No profit, no pipeline: Fighting DAPL with a carbon fee

No profit, no pipeline: Fighting DAPL with a carbon fee

By Flannery Winchester

Environmentalists celebrated when, last fall, President Obama rejected the Keystone XL pipeline. But America’s dependence on oil means the pipeline fight is far from over — the front lines have simply moved to a new project called the Dakota Access Pipeline.

The Dakota Access Pipeline is planned to be 1,172 miles long, just seven miles shorter than the Keystone XL Pipeline would have been. It would carry Bakken crude oil, a particularly flammable type of oil, across 50 counties across North Dakota, South Dakota, Iowa, and Illinois. It would also cross the Missouri River and one of its tributaries, the Big Sioux River, potentially putting the whole watershed at risk in the event of an oil spill. (Like when 1 million gallons of crude oil were spilled in the Kalamazoo River. Or when tens of thousands of gallons leaked into the Yellowstone River, not once, but twice. Or when oil and chemicals contaminated Canada’s North Saskatchewan River just last month… You get the picture.)

Immediate and long-term threats 

Route of DAPL Pipeline

Route of DAPL Pipeline

Energy Transfer’s website tries to address those safety concerns by citing the Department of Transportation that “pipelines are the safest, most efficient method of transporting oil.” But here, they’ve revealed that they can’t see the forest for the trees. They don’t realize that no matter how “safely” you transport oil, the danger waiting at the end of the pipeline is increased greenhouse gas emissions and an even more unstable climate.

That’s ultimately one of the reasons President Obama and his State Department rejected the Keystone XL pipeline. “America is now a global leader when it comes to taking serious action to fight climate change,” he said in his remarks last fall. “And frankly, approving this project would have undercut that global leadership.” He knew, as more and more Americans are coming to understand, that investing in new fossil fuel infrastructure is wildly inappropriate in the face of climate change. He also rejected the project thanks to the huge public outcry against it — which, in this case, is gathering steam again.

Meet the protectors

When the Dakota Access Pipeline was first set in motion in April, 200 members of the Standing Rock Sioux Tribe set up camp on the riverbank in protest. The tribe was petitioning for an environmental impact study into the pipeline, which had not been conducted.

Despite the protests and formal legal challenges to the project, Energy Transfer recently broke ground and started construction on the DAPL. In response, the camp has swelled as hundreds more people arrive from other Native American nations, joined by allies like actress Shailene Woodley and supported on social media by Bill McKibben, Josh Fox, Susan Sarandon and other non-native activists. A wide range of media, from the BBC to Buzzfeed, has begun to pay closer attention.

The protests have succeeded in halting construction at that location for the time being — and on August 24, the Standing Rock Sioux Tribe’s injunction will be heard in a Washington D.C. court, possibly halting construction for much longer.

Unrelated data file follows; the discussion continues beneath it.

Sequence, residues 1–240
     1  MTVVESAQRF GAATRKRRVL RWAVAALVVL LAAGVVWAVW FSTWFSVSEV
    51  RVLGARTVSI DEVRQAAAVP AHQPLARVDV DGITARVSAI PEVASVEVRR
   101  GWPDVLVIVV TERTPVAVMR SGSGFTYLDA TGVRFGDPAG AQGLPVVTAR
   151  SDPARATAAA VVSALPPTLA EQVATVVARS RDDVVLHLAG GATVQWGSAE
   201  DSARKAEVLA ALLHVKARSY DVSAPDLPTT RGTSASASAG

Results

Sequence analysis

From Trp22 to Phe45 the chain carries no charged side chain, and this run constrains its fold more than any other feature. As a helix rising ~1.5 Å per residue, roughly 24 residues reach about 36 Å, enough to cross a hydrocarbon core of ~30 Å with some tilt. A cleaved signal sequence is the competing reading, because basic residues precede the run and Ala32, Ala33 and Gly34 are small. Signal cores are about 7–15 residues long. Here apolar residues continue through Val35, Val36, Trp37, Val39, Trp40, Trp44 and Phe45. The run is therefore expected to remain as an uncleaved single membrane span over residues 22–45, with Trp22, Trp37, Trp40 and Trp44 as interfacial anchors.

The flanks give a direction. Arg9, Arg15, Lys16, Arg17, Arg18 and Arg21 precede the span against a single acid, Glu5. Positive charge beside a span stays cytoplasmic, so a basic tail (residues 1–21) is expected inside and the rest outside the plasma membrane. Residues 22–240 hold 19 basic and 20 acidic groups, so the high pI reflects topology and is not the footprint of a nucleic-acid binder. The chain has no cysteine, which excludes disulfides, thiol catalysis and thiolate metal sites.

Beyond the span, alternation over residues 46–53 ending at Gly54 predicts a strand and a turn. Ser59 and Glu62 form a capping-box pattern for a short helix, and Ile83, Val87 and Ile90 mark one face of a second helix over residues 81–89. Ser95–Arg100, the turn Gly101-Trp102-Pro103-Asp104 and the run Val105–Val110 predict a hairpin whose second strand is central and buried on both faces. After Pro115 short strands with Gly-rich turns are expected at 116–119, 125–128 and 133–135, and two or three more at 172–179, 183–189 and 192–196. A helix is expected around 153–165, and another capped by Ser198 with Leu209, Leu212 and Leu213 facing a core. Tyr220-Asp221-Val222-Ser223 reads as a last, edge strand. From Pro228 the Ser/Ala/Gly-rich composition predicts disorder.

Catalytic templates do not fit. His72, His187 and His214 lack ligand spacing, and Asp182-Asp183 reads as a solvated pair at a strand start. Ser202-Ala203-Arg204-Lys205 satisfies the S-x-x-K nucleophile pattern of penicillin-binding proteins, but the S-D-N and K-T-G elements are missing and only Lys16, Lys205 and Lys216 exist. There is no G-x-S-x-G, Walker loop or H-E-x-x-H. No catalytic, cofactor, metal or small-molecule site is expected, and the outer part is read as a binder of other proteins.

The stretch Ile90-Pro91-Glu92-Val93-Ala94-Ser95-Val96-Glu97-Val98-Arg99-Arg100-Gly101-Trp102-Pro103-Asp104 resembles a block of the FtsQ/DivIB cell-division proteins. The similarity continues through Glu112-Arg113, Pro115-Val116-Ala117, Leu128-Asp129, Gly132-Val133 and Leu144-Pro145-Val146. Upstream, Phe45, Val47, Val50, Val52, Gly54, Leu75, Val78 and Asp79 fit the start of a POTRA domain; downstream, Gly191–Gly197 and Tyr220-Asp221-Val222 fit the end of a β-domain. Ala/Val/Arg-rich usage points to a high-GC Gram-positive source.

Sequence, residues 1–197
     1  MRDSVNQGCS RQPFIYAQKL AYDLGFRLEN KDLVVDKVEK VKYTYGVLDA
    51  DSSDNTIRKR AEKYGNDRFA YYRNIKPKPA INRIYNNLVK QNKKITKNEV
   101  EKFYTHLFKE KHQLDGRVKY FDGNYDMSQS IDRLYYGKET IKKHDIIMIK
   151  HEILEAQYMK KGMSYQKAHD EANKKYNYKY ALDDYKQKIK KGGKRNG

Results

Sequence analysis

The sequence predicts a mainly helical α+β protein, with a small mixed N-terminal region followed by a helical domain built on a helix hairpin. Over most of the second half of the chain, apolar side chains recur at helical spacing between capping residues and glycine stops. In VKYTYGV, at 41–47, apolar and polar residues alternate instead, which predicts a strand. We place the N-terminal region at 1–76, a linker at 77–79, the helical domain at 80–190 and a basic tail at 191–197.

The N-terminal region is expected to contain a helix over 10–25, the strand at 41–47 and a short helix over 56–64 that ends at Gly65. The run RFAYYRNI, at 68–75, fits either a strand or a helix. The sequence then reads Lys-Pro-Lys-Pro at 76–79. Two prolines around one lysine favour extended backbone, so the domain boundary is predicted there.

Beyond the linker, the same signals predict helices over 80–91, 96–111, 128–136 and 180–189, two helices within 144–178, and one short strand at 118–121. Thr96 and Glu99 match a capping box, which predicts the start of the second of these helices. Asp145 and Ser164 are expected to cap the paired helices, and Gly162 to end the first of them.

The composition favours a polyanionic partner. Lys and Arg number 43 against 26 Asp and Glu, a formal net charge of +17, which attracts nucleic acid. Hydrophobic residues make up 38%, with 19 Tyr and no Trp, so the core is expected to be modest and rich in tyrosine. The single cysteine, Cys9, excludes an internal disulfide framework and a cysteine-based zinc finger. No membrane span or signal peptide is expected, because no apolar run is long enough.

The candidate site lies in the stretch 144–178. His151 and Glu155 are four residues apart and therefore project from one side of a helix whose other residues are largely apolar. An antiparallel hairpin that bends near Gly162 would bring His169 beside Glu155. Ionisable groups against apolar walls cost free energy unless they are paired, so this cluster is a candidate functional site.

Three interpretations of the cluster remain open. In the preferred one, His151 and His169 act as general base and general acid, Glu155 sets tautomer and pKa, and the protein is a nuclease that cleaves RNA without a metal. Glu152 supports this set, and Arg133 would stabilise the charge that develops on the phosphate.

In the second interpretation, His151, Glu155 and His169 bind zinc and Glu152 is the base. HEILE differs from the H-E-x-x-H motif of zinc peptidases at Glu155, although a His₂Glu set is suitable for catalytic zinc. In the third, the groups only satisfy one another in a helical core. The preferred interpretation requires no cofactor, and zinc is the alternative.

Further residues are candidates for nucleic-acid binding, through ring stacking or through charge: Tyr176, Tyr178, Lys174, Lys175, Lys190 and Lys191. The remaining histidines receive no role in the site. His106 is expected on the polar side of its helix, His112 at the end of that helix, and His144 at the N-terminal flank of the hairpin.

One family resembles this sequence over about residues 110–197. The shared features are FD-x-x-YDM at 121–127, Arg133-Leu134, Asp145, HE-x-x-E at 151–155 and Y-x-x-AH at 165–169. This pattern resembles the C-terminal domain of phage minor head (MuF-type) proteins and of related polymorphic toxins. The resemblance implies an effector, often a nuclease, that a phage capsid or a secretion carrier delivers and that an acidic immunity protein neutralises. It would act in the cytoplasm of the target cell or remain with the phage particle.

Stop pipelines by pricing carbon

For immediate support, you can amplify their message by sharing and supporting posts from the camp’s Facebook page or the #NoDAPL hashtag on Twitter. If you’re in the DC area, you could join this rally in support. But long term, help for these efforts is going to take something more systemic. We can’t keep playing environmental whack-a-mole, mobilizing in protest every time another new pipeline pops up. We have to dissuade oil companies earlier by making their costs higher than the benefits.

How? By putting a price on carbon.

“A carbon fee would affect fossil fuel infrastructure projects, including oil pipelines like the DAPL, by shrinking and eventually completely drying up demand for their products,” said Charles Komanoff, director of the Carbon Tax Center. Citizen’s Climate Lobby is working to do that through Carbon Fee and Dividend legislation. Here’s how it works: Congress will pass a bill imposing a steadily increasing fee on fossil fuels based on the amount of greenhouse gases they release into the atmosphere. The companies extracting the fossil fuels will pay the fee at the point of extraction, and the revenue from the fee minus administrative costs will go straight back to American households each month.

In addition to giving American families a chunk of extra cash, a carbon fee will make fossil fuel companies account for the true cost of their activities and discourage them from continuing to extract and burn fossil fuels. Basically, they’ll be forced to think twice before they build a pipeline to carry 470,000 barrels of oil every day, as DAPL would. Komanoff said, “Every increase in the carbon fee means decreasing demand for oil and, as a consequence, more and more fossil fuel projects failing to ‘pencil out’ or show a profit.”

And we all know what that means — no profit, no pipeline.

Help CCL Price Carbon

 

Flannery Winchester
Flannery Winchester has put her words to work for magazines, for marketing agencies, and now for our earth as CCL's Communications Director. She is grateful to spend every day working to preserve this beautiful planet.

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